Sisters of St. Joseph of CarondeletNovember 24, 2017

Sisters' Stories

Sister Joan Sauro, CSJ (Sister Joan Stanislaus)


As grace would have it, I stepped into kindergarten at St. Brigid’s School in Syracuse at the same time that Anne Frank stepped into a secret annex in Holland. There she and her family hid from the Nazis. While I was learning my ABC’s, Anne Frank was lighting a candle and writing a diary, so that darkness would not have the final word. Thanks to the Sisters of St. Joseph who taught me, I read Anne Frank’s diary and years later was inspired to publish my own.

Those childhood days, our family used to visit Zia Angie and Uncle Patsy on Sunday afternoons. We children sat like soldiers in the stiff parlor chairs, while the grownups nursed small glasses of wine, and darkness slowly descended in the room. On cue, the radio was turned on and The Shadow came out and slid across the dark parlor. Always with that dire warning: “Who knows what evil lurks in the heart of man. The Shadow knows!” I sat near the only light there was, next to Zia Angie’s best lamp. It had a hundred pencil thin crystals hanging around the rim. Whenever the Shadow came near, I slid my finger along the bottom of the crystals and set in motion a host of tingling bells, the play of a hundred thousand lights against the dark.
 
In my late teens, I put on the wedding gown that my Aunt Margaret had made and walked up the long, polished aisle of St. Joseph’s chapel ablaze with lights. At the altar of God, I exchanged my white dress for the black habit of the sisters of St. Joseph. In her late teens, Joan of Arc, wearing a shapeless dress, walked barefoot and in chains. She stumbled up a few steps to a stake where she was tied and burned to death. For insubordination, it was said, for heresy. I inherited Joan of Arc’s name, her tendency to listen to unauthorized voices, her heart that burned bright in the flames and was not consumed, her ambivalent history with a church that martyred her one year and canonized her the next.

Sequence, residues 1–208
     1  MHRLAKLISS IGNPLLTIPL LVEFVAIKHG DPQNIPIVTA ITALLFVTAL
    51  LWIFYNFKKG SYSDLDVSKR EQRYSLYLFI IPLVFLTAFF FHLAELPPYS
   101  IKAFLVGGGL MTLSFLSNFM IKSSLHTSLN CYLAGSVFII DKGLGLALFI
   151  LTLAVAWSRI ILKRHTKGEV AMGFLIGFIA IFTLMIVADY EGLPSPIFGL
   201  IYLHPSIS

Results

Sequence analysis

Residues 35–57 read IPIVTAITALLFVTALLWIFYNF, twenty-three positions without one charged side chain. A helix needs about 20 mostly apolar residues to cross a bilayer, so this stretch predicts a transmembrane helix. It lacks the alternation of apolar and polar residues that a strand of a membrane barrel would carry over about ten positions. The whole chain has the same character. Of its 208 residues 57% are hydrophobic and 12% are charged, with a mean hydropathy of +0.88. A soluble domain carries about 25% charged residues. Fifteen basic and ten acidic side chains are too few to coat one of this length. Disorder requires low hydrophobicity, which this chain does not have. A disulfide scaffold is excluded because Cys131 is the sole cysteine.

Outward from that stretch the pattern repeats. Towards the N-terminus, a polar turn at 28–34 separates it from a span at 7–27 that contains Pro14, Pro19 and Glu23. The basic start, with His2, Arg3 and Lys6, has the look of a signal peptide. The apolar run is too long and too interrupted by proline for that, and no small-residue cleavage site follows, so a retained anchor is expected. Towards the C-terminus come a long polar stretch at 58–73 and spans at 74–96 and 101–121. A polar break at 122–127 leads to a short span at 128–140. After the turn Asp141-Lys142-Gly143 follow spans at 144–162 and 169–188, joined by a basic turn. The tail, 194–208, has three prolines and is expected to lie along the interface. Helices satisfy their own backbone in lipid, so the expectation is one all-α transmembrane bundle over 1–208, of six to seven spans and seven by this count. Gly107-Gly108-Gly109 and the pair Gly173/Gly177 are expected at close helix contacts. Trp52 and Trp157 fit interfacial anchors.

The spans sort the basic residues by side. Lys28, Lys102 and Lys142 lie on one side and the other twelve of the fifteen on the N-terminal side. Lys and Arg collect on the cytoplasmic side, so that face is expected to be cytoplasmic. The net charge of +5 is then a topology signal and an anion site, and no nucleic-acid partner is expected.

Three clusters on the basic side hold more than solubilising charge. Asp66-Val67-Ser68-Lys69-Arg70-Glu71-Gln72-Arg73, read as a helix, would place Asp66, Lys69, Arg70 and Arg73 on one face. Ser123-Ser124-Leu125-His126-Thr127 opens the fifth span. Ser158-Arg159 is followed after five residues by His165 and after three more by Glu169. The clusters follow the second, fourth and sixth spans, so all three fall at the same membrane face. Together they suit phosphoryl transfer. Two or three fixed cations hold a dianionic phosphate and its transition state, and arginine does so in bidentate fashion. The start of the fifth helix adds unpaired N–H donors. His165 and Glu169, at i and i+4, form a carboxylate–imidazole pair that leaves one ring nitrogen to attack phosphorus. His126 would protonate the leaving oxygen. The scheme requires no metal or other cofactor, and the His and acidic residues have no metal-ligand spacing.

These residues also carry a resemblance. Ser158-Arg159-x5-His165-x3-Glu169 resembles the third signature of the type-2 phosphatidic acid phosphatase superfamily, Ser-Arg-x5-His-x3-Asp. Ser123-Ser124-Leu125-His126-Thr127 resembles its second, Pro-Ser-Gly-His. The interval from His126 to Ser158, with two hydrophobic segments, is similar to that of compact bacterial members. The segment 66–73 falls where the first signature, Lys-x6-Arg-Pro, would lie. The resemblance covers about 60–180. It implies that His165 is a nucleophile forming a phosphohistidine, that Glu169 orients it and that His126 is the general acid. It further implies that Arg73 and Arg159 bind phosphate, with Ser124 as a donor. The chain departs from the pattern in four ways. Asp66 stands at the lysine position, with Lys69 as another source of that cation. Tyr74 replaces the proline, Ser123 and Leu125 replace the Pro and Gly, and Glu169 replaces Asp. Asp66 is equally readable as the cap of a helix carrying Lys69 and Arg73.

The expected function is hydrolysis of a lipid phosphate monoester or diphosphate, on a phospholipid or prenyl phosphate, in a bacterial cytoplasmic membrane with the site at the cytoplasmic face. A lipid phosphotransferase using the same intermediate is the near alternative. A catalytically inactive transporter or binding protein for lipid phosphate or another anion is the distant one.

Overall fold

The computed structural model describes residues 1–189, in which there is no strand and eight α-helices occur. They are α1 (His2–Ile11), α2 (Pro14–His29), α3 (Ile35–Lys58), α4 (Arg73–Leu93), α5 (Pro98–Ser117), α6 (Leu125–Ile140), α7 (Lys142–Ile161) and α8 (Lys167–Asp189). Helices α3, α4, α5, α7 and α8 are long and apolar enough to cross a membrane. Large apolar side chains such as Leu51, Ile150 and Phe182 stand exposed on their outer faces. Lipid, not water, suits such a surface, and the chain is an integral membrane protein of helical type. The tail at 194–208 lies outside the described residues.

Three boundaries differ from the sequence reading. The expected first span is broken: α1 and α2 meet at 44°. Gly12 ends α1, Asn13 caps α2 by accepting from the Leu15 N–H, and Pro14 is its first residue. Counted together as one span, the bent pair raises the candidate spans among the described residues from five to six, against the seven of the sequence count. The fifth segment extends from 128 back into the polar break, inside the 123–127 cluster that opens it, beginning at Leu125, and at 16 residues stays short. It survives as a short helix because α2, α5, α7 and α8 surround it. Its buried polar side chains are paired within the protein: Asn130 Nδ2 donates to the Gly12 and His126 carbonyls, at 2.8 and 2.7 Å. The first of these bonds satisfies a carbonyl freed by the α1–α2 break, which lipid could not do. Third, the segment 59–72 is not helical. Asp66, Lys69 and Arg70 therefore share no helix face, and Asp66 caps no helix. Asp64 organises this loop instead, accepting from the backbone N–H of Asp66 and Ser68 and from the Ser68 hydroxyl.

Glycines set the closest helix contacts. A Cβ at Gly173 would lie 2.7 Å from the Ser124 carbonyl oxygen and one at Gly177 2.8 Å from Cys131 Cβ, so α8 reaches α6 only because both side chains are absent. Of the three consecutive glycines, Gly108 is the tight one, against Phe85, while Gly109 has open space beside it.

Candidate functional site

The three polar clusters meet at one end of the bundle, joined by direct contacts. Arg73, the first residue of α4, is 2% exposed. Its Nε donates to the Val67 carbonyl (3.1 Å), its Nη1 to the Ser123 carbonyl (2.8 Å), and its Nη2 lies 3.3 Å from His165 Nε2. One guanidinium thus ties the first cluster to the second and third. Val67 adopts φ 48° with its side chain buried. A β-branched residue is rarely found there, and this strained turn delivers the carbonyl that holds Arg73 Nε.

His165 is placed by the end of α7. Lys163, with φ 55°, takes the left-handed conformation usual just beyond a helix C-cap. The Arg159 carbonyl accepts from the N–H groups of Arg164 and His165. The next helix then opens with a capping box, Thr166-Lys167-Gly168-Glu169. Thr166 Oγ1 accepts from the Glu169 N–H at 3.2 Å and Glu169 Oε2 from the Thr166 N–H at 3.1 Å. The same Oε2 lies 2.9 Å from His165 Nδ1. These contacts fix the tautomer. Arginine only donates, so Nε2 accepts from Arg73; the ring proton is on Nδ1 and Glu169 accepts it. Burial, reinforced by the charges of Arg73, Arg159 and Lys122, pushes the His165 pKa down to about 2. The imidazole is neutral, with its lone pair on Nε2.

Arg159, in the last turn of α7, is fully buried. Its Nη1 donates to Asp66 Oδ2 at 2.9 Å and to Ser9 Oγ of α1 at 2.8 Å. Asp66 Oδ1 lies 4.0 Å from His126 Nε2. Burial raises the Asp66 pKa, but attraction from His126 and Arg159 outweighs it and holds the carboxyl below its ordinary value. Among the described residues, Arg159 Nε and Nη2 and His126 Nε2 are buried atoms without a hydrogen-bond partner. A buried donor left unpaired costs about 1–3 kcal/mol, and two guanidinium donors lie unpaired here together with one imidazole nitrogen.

Thus armed, I carry Anne Frank’s diary, Joan of Arc’s spirit, and Zia Angie’s lamp wherever I go. Sometimes I bring the lamp into retreat houses, into church basements, libraries and classrooms filled with children, sometimes into my sister, Pat’s, welcoming parlor. I shine the lamp into the hearts of people small and big. In the light they write about their hopes and dreams, about innocence lost, a confident voice found, about layers and layers of themselves they never knew were there. Together we write a hundred thousand words against the dark.
 
Some morning go out early when the rising sun lights up the dewy lawn in shimmers. Look closely and you will find each blade of grass holding a tiny globe of light on its tip. Those twinkling lights dart across the lawn, now here, now there, now everywhere.
 
Each Sister of St. Joseph is like a blade of grass lit by the Light of the World. Each of us holds our light aloft in every new day. All together, the lights that we are shine, lights beyond numbering, moving over the lawn, up the hills, down the valleys and across the earth. I am one of those lights among you. Such a shine of gladness is in my heart.